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Edgar Roman
Edgar Roman

Posted on • Updated on • Originally published at

Opinionated Docker development workflow for Node.js projects - Part 1

In a recent post, I described why you'd want to use Docker to develop server applications. In this post, I'll describe how to develop a Node.js application with Docker.


The goals we'd like to accomplish in this blog post:

  • We are focusing on Node.js environment to write a server side application (e.g. Express, Sails, or other)
  • Allow local development without Docker (optional)
  • Allow local development with Docker with hot refresh when code changes
  • Provide instructions to build images for testing and production
  • Isolate container scripts from source code so one folder structure can be used for many projects
  • Be straightforward, but explain all the steps so modifications and updates can be made

This post is divided into two parts:

  1. How to use the workflow (this post!)
  2. Dive into the details of how the Dockerfiles work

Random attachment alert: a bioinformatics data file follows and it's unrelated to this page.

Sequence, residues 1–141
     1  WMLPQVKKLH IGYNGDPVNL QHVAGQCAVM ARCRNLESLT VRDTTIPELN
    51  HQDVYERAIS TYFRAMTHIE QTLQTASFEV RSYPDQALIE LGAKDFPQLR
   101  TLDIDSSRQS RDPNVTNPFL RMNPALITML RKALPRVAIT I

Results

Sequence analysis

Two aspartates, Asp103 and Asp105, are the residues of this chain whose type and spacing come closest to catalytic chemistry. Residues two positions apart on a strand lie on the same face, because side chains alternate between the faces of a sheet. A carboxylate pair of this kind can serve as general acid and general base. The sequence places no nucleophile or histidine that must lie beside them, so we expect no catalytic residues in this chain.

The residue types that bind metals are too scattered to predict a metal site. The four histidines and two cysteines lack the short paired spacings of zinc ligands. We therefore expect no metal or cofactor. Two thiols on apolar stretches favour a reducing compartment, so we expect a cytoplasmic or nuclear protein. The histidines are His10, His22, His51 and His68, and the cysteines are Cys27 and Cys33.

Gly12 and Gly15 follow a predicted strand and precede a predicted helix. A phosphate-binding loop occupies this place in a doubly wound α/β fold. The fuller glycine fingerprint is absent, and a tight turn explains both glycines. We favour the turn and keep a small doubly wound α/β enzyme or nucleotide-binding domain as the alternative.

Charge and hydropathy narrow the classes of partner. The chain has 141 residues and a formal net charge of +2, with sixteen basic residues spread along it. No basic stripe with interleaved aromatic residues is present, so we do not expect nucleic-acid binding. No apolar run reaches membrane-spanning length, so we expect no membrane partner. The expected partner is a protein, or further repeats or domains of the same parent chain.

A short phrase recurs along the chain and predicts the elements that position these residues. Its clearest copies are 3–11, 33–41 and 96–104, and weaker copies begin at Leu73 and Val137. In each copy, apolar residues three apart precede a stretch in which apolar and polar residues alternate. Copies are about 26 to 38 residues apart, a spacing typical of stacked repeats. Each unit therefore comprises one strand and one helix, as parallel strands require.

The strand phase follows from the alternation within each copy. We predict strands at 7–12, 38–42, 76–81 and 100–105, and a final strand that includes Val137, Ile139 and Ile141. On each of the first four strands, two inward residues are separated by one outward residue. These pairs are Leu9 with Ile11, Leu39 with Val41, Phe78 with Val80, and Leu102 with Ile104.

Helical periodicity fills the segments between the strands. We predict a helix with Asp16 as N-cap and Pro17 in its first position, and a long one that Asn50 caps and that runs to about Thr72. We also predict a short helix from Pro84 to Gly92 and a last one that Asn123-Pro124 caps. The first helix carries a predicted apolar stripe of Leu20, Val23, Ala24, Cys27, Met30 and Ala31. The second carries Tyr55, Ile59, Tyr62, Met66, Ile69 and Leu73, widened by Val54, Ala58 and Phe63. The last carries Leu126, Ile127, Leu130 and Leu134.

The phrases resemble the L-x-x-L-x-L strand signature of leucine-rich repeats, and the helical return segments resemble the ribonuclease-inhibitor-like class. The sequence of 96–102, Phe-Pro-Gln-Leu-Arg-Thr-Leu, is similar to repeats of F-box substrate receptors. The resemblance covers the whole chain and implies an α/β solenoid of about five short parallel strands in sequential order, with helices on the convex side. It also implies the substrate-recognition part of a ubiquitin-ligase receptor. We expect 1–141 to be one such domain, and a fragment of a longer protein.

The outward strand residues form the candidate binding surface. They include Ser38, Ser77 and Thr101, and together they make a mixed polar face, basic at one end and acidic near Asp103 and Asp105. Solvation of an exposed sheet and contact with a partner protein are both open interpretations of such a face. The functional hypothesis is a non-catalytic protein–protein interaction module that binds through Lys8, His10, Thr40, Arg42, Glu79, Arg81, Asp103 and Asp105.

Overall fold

We'll start with how to use the workflow and readers can continue on to the working details if interested.

Quick Docker Terminology

For those who are new to Docker, I use some terms in this post and wanted to quickly define them:

Dockerfile: A file that describes a set of instructions to Docker Desktop to build an image.

Image: A file that contains the end results of instructions of a Dockerfile after Docker Desktop performs
a build

Container: A running instance of your image that can execute code

That should be enough to get you rolling - let's get to the workflow!

How to use the workflow

Directory Structure and Files

We establish a clear directory structure that isolates all your application specific code into a single sub-folder and the top level directory holds all the workflow files.

It looks like this:

└── Main_Project_Directory/
    ├── server-code/
    │   ├── server.js
    │   ├── package.json
    │   └── ... (All your other source code files)
    ├── .gitignore
    ├── .dockerignore
    ├── Dockerfile
    ├── docker-compose.yml
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  • The server-code directory is an arbitrary name.
    You may rename it, but be sure to update all the references in the Dockerfiles and Docker commands shown in this blog post. The purpose of this subdirectory is to isolate your server code from all the workflow stuff.

  • The Dockerfile, docker-compose.yml, and .dockerignore files will be taken from this repo.